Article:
Having a dog is such a blessing. There’s a reason a dog is man’s best friend; after all, who else gives us unconditional love, tail wags, and sloppy kisses?
However, having a pup raises a lot of questions. For instance, why on earth does my dog yawn so much?
What does a dog yawning look like?
Dogs’ yawns look much like our own, and they are involuntary like ours are. Jaws open wide, and they take a deep breath. Often, a dog’s yawn accompanies a high-pitched whine which, let’s face it, is adorable.
Is a dog yawning all of the time normal?
Yes, a dog yawning is perfectly normal, and some dogs do so more than others. You can watch your dog’s yawning patterns to determine why he is yawning and what is natural for him.
Why is my dog yawning so much, though?
Humans generally yawn when they are tired or bored. There could be many reasons for yawning with dogs, which is why it seems they do so much more than us.
Reasons Why Dogs Yawn
Experts have many theories about dog’s yawning, some of which are physical while others are behavioral. We used to believe that yawning was a sign the brain needed more oxygen. Yet, scientists now believe it is not as simple as that. For instance, people and dogs alike often yawn in warm rooms or environments, which points to yawning acting as a cooling system for the brain and body, as the cooler blood from the lungs travels to it and the extremities.
Yawn may also mean that our pooch is trying to tell us something. As a method of communication, it is up to us to determine what they are expressing.
Furthermore, a dog may yawn because she is anxious or stressed, like at the vet’s office. Likewise, this may occur when the animal is introduced to new people, places, or other animals.
To determine if your dog is yawning because she is stressed out, look for these other indicators:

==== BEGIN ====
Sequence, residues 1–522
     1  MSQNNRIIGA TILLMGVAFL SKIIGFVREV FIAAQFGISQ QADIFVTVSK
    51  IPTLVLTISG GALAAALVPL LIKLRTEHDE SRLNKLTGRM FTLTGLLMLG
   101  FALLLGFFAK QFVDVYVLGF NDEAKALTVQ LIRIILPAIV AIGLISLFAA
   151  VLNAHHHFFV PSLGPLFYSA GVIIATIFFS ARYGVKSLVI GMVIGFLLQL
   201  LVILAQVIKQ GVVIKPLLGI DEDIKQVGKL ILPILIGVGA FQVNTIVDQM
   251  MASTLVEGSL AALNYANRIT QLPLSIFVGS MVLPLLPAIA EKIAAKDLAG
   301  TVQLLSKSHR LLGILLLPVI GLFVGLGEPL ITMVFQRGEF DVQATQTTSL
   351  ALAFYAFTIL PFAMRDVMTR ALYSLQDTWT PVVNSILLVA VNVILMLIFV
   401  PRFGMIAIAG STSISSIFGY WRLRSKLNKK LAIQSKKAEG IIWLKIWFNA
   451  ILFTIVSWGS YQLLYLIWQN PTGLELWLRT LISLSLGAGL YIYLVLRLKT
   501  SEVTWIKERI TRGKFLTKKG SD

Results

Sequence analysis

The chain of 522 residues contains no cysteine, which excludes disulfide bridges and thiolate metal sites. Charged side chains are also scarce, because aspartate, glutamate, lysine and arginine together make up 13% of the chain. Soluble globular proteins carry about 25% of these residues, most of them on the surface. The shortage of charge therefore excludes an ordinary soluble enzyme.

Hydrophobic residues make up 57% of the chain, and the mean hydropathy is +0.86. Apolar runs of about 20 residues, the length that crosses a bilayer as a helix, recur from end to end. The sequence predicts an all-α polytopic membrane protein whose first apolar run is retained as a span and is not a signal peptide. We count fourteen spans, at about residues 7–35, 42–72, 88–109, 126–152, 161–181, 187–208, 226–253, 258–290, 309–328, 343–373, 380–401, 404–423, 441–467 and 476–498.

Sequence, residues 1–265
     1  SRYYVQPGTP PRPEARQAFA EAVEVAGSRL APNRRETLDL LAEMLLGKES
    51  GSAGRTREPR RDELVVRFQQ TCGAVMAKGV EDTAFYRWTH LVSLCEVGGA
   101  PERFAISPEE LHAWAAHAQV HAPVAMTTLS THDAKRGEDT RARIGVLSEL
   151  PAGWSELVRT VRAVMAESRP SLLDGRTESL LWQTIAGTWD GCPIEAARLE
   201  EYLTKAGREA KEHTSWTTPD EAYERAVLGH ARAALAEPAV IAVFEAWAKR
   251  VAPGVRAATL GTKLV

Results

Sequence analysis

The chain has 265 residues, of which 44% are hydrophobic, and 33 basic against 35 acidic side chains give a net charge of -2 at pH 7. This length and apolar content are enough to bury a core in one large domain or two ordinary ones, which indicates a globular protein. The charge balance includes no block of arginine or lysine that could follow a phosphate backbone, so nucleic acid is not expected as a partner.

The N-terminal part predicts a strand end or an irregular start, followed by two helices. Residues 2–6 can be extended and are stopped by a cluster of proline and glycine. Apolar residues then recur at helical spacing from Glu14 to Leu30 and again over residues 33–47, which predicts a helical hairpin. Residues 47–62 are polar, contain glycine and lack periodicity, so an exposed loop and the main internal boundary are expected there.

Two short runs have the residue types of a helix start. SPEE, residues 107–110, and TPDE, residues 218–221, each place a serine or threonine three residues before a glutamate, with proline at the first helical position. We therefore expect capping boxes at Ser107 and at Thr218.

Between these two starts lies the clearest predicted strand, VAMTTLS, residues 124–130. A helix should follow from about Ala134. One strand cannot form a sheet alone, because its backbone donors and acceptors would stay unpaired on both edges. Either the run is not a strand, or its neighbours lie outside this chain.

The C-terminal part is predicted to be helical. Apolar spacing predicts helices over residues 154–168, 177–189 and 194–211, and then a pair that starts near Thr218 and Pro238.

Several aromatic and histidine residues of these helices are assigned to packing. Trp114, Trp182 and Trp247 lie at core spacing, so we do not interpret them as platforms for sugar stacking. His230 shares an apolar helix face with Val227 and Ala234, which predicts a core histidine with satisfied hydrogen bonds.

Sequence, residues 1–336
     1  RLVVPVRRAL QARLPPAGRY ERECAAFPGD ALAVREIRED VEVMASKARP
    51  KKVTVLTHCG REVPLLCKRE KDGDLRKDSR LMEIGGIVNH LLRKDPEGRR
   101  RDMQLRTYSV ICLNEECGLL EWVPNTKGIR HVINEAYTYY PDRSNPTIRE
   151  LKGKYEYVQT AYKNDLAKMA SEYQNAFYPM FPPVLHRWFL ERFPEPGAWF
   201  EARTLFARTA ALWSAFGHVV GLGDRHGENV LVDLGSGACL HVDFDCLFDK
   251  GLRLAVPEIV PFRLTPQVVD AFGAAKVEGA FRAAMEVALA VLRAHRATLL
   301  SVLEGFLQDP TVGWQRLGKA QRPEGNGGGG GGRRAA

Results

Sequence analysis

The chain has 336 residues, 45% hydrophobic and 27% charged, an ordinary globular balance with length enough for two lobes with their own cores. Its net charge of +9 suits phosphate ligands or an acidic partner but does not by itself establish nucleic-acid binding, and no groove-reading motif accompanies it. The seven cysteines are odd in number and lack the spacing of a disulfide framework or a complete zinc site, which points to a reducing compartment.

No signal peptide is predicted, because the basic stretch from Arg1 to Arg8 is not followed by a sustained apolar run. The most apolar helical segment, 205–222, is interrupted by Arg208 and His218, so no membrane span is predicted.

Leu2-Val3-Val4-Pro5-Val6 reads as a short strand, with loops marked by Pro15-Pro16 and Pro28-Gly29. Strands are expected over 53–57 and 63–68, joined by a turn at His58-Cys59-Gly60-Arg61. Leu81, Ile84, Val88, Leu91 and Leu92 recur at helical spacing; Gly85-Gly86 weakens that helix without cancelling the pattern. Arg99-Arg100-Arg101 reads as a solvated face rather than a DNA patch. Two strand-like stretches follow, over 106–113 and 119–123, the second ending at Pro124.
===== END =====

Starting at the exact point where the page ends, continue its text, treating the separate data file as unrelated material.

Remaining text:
- Averting her gaze
- Dog drooling a lot
- Muscle tension
- Tucked or lowered tail
- Wide eyes
If your dog is showing signs of stress, it is best to try to diffuse the situation by redirection. For instance, use a command she knows well, give her praise, walks her away from the problem, or engage her with a game she loves, like fetch.
Dogs may also yawn during activities we would consider pleasurable, like hugging – some dogs don’t like it. Other times, a dog may yawn when we scold them. Some other common reasons for a dog’s yawning include:
Avoiding conflict: Your pup may yawn around another dog as a way of saying, “I don’t want any trouble.”
Yawning is contagious: We all know that seeing someone else yawn often triggers us to do the same. This behavior is known as empathetic yawning (1), and dogs often do it when they see their owners yawn. Studies have shown this occurs when the dog bonds with a person; if a stranger yawns around them, they do not reciprocate.
They’re tired of waking up: Like us, dogs yawn and whine when they are worn out. Stretching the facial muscles helps them relax. Conversely, when they wake up from a nap, a nice, satisfying yawn can help get them going.
Something exciting is about to happen: Dogs know when something fun is about to happen and may yawn in anticipation. You may pick up his leash, a favorite ball, or put on the shoes you always take him for a walk-in. Adventure awaits, and he just can’t contain himself!
Confusion: A dog’s yawn can be a way of expressing they don’t comprehend something. Often, this type of dog yawn will occur during an activity like obedience training. New commands may cause stress, as your pup isn’t sure how to make you happy. It is, therefore, best to sprinkle in ones that he knows, like sit, with plenty of praise when teaching a new command. For compound commands, in which he is expected to do more than one thing, break them down into each step, and offer treats when he complies. Try to follow his pace of learning to avoid triggering a stress response.
Boredom: Yes, dogs can get bored. Imagine you are out for a walk and suddenly stop your pup from exploring the big wide world to have a long chat with your neighbor. That’s not very thrilling for Fido, is it? You may get a bored dog yawn in response; it is his way of saying, “hurry up, there are so many more exciting things to do!”